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British Speaker Who Yelled 'Order! Order!' More Than 14,000 Times Steps Down from Brexit Hotseat

John Bercow, the man in the middle of more than three years of fiery parliamentary debates, has proved a controversial figure, loathed by pro-Brexit supporters and hailed by its foes.

AFP

Updated:October 31, 2019, 6:25 PM IST
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British Speaker Who Yelled 'Order! Order!' More Than 14,000 Times Steps Down from Brexit Hotseat
Britain's Speaker John Bercow speaks at the House of Commons in London on Wednesday. (Reuters)

London: John Bercow stepped down on Thursday after 10 years as speaker of Britain's House of Commons -- a role that rocketed him into the heart of the Brexit battle, and won him European fans.

The man in the middle of more than three years of fiery parliamentary debates has proved a controversial figure, loathed by pro-Brexit supporters and hailed by its foes.

Animated, verbose and with an idiosyncratic style, the 56-year-old Bercow has yelled "Order! Order!" more than 14,000 times during his tenure as the 157th speaker. His detractors call him pompous -- one MP even branded him a "sanctimonious dwarf" -- but his backers say he has bolstered the rights of backbenchers to hold the government to account.

A social media mash-up by German television of Bercow trying to calm down rowdy MPs has been seen thousands of times. A Belgian newspaper called him "irreplaceable".

Dutch daily 'De Volksrant' wrote: "The only order in British politics comes from John Bercow's mouth in these turbulent days."

Both Britain's main party leaders paid tribute to Bercow on Wednesday as he chaired the weekly prime minister's questions session for the final time.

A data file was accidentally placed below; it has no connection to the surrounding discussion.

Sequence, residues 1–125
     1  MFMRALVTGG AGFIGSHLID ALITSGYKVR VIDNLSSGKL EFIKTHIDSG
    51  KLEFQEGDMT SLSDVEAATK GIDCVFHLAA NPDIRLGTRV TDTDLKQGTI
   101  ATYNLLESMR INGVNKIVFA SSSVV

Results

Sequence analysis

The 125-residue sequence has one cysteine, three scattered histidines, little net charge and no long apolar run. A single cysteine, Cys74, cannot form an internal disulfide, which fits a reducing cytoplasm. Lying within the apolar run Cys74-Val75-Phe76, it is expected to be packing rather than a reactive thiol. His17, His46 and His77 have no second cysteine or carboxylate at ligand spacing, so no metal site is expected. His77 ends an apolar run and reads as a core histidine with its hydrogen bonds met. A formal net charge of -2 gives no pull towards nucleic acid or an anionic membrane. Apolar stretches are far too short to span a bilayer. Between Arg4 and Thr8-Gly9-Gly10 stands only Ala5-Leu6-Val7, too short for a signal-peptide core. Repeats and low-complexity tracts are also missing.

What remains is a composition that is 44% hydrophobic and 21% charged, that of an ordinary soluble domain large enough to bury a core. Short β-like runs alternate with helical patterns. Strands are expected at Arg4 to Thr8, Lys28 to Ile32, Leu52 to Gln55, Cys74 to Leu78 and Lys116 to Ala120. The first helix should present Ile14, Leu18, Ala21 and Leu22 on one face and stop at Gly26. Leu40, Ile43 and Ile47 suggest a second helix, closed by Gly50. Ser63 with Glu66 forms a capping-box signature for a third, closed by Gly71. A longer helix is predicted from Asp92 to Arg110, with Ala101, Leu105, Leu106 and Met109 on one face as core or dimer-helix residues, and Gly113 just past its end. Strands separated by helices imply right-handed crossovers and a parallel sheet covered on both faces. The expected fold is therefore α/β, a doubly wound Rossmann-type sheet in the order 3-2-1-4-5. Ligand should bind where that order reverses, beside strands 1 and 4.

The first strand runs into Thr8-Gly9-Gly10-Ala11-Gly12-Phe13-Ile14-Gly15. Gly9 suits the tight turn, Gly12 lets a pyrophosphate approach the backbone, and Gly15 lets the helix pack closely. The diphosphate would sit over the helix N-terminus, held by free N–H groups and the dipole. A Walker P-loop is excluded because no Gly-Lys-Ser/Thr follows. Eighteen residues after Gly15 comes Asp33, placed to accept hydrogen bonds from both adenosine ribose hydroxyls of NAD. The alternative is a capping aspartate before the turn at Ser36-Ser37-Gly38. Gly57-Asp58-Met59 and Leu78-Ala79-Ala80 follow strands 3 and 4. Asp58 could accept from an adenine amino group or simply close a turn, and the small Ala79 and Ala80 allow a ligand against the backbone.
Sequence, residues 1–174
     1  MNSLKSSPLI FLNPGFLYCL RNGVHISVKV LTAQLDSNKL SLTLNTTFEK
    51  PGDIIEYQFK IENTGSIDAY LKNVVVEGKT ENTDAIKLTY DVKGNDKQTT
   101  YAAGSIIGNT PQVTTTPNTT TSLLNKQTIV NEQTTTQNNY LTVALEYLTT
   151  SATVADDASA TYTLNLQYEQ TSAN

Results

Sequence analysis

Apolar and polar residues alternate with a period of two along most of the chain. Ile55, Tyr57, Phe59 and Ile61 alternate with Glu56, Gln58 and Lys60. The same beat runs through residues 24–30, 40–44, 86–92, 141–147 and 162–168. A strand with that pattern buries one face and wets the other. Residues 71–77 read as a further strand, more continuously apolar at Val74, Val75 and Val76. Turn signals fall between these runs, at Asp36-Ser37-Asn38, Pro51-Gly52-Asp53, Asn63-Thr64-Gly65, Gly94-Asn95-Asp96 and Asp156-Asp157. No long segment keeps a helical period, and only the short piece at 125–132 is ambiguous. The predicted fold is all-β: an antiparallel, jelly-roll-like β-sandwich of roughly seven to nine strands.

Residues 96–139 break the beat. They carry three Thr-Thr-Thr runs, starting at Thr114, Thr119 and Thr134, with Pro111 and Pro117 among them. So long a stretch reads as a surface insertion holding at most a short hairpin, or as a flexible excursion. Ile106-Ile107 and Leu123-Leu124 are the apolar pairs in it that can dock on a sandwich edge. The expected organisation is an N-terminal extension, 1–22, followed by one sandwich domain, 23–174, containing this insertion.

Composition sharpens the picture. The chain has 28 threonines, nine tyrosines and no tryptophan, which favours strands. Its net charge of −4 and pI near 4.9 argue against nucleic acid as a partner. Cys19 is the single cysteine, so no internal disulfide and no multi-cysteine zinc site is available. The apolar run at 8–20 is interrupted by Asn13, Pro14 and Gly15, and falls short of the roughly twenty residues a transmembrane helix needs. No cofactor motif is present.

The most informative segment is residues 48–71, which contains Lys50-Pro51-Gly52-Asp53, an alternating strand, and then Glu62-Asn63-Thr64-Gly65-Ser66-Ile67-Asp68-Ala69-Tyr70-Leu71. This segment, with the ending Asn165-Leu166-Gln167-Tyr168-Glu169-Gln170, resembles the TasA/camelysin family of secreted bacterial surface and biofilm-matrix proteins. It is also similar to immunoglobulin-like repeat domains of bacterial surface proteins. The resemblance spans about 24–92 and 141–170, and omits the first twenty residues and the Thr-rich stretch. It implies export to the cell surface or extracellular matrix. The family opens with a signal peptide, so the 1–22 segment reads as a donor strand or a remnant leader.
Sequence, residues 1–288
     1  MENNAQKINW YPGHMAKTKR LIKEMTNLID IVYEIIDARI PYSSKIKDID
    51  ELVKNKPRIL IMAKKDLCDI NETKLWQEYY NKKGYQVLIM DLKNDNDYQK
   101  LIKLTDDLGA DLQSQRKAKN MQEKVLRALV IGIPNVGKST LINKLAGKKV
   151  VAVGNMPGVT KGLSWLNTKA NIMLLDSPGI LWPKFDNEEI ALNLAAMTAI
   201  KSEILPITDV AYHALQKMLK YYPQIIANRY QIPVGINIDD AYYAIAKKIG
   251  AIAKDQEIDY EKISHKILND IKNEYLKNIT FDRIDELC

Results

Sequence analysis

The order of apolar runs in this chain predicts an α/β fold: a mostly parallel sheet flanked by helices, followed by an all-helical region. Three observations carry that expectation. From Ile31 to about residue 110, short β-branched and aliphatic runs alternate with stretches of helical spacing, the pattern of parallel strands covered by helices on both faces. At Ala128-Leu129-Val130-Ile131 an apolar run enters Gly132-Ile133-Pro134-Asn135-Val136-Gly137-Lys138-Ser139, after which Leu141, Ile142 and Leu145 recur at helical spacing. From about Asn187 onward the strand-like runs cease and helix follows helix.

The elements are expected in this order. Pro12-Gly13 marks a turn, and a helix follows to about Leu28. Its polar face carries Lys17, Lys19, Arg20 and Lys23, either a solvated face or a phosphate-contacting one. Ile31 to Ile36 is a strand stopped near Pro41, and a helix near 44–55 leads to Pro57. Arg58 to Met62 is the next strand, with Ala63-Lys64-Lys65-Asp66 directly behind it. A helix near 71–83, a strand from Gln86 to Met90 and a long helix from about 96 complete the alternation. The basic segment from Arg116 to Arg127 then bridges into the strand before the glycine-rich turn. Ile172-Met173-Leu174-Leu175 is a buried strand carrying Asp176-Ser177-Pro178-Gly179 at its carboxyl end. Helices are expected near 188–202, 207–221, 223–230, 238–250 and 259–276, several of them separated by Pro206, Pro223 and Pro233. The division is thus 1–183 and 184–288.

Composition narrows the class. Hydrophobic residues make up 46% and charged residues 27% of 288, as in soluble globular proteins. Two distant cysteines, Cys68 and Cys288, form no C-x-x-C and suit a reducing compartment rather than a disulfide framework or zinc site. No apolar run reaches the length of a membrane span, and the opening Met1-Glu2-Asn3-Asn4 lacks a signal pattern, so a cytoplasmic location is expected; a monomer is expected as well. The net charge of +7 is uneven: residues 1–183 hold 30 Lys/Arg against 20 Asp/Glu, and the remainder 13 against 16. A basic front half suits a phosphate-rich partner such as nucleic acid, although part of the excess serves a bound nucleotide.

'Unreturnable volleys and smashes'

"Although we may disagree about some of the legislative innovations you have favoured, there is no doubt in my mind that you have been a great servant of this parliament and of this House of Commons," said Prime Minister Boris Johnson.

Johnson, in his own inimitable style, said the tennis fan had been "peppering every part of the chamber with (his) own thoughts and opinions, like some uncontrollable tennis ball machine, delivering a series of literally unplayable, unreturnable volleys and smashes".

He also likened Bercow's glare to a "trademark Tony Montana scowl", after Al Pacino's character in the 1983 film "Scarface".

Opposition Labour party leader Jeremy Corbyn added: "You've done so much to reform this House of Commons and our democracy is the stronger for the way you have done it."

Bercow will not stand in the December 12 general election. His replacement as speaker will be chosen on Monday. Nine candidates are standing, including his three deputies and former Labour deputy leader Harriet Harman. Bercow's number two, Lindsay Hoyle, is the bookmakers' odds-on favourite to win.

By convention, the main parties give the speaker a clear run in a general election, standing down their candidates.

'Egotistical preening popinjay'

Born in 1963 into a modest family, Bercow grew up in London and was a child tennis champion, leading to his lifelong love of the sport, notably Swiss great Roger Federer. He was always a Conservative, but in his youth held hard-right views that he now rejects.

He became an MP in 1997 and 12 years later was elected as speaker, becoming the youngest person to hold the role for 100 years.

While the Brexit clashes came to dominate his tenure, Bercow also caused a stir by saying he would not allow US President Donald Trump to address parliament during a planned visit.

Bercow married Sally Illman in 2002 and they have three children. She became a household name after posing for a photoshoot in Bercow's official residence in the Houses of Parliament draped only a sheet, and appearing on the "Celebrity Big Brother" reality television programme.

Critics say Bercow is filled with self-importance.

'The Daily Mail' newspaper called him an "egotistical preening popinjay" who had "shamelessly put his anti-Brexit bias before the national interest -- and is a disgrace to his office".

But Bercow's supporters say he has sought to modernise parliament, abandoning the speaker's traditional robes for a simple gown over a suit, and seeking to make it easier for female MPs with new babies.

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